Publication date: Jul 06, 2023
With the growing availability of cannabis and the popularization of additional routes of cannabis use beyond smoking, including edibles, the prevalence of cannabis use in pregnancy is rapidly increasing. However, the potential effects of prenatal cannabis use on fetal developmental programming remain unknown. We designed this study to determine whether the use of edible cannabis during pregnancy is deleterious to the fetal and placental epigenome. Pregnant rhesus macaques consumed a daily edible containing either delta-9-tetrahydrocannabinol (THC) (2. 5 mg/7 kg/day) or placebo. DNA methylation was measured in 5 tissues collected at cesarean delivery (placenta, lung, cerebellum, prefrontal cortex, and right ventricle of the heart) using the Illumina MethylationEPIC platform and filtering for probes previously validated in rhesus macaque. In utero exposure to THC was associated with differential methylation at 581 CpGs, with 573 (98%) identified in placenta. Loci differentially methylated with THC were enriched for candidate autism spectrum disorder (ASD) genes from the Simons Foundation Autism Research Initiative (SFARI) database in all tissues. The placenta demonstrated greatest SFARI gene enrichment, including genes differentially methylated in placentas from a prospective ASD study. Overall, our findings reveal that prenatal THC exposure alters placental and fetal DNA methylation at genes involved in neurobehavioral development that may influence longer-term offspring outcomes. The data from this study add to the limited existing literature to help guide patient counseling and public health polices focused on prenatal cannabis use in the future.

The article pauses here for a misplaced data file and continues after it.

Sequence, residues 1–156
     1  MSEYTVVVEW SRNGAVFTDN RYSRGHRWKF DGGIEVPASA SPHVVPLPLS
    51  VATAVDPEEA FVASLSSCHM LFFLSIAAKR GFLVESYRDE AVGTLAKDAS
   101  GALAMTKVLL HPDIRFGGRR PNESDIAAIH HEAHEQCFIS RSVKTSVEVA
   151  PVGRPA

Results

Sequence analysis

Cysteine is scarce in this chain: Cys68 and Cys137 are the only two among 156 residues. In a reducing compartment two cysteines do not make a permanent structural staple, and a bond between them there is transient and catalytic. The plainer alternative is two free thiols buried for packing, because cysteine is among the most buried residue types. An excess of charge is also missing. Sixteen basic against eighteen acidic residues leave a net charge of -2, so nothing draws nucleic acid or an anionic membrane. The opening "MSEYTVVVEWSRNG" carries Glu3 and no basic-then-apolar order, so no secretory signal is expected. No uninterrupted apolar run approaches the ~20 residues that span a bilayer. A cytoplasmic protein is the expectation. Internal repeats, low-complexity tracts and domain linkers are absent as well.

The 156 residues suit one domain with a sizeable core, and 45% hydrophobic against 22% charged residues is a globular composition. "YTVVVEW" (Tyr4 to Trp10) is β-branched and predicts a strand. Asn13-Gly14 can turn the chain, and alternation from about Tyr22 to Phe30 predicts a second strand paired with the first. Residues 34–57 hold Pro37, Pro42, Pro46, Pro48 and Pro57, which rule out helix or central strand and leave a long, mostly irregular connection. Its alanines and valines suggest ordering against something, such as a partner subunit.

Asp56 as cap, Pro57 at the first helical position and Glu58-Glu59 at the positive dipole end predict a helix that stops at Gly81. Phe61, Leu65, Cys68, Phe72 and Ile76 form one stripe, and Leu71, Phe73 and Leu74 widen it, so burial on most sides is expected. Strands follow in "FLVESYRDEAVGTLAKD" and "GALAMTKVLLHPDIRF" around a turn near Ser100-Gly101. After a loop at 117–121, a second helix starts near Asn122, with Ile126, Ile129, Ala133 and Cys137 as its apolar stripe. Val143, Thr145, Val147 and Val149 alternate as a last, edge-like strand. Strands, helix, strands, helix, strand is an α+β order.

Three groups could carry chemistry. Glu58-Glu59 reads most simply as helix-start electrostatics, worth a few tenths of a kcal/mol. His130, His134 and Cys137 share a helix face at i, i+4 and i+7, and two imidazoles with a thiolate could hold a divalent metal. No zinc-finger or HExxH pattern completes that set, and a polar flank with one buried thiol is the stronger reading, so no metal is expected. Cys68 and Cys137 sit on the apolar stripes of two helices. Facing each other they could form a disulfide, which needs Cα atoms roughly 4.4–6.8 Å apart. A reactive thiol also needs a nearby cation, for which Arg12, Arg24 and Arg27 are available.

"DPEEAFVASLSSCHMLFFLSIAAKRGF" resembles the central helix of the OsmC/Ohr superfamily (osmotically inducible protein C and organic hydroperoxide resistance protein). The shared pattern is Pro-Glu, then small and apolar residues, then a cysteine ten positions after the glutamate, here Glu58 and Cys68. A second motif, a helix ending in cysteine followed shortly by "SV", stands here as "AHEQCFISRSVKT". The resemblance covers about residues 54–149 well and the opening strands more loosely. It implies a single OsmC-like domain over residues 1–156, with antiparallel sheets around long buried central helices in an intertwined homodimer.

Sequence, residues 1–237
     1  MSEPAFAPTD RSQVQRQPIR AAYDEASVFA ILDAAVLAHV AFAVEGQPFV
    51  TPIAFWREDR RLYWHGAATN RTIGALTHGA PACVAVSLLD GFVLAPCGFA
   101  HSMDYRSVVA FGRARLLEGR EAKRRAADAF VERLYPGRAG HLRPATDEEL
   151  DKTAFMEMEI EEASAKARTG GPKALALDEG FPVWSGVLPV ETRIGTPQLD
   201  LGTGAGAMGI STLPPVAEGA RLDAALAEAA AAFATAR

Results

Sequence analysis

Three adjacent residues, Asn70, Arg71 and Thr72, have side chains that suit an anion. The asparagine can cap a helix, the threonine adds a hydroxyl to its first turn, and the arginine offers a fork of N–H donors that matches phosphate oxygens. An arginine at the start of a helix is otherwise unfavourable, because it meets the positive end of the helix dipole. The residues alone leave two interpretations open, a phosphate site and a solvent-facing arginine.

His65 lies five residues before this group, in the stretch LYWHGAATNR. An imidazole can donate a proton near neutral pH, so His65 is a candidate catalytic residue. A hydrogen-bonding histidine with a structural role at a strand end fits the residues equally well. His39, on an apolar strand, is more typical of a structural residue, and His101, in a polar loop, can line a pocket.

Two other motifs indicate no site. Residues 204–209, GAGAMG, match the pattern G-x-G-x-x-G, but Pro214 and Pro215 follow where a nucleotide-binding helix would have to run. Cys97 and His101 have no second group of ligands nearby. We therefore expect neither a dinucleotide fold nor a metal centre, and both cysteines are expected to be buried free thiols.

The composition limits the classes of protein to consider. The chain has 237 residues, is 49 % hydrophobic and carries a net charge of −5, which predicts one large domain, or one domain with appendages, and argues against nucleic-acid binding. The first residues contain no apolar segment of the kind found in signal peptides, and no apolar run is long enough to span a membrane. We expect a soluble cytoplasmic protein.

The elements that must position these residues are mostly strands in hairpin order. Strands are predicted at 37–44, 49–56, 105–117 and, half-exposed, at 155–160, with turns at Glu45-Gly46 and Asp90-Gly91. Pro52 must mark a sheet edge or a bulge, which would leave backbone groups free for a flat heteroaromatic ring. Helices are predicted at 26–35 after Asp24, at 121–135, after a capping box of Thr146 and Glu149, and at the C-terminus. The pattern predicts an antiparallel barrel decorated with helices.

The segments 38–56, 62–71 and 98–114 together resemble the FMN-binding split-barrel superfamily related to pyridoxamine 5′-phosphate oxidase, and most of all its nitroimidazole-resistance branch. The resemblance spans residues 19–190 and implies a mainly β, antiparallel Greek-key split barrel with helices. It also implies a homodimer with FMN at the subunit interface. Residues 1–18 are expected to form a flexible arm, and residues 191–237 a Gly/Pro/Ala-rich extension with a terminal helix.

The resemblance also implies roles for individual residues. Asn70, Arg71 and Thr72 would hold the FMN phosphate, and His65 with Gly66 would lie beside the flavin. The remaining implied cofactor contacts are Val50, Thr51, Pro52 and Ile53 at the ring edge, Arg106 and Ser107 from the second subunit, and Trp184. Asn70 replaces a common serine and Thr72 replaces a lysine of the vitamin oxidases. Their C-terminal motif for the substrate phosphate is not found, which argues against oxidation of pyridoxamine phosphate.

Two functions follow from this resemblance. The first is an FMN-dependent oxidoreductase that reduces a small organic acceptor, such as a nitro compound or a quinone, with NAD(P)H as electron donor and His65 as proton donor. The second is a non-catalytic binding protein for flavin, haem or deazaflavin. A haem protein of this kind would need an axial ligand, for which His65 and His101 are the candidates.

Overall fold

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|disease||MESH||autism spectrum disorder|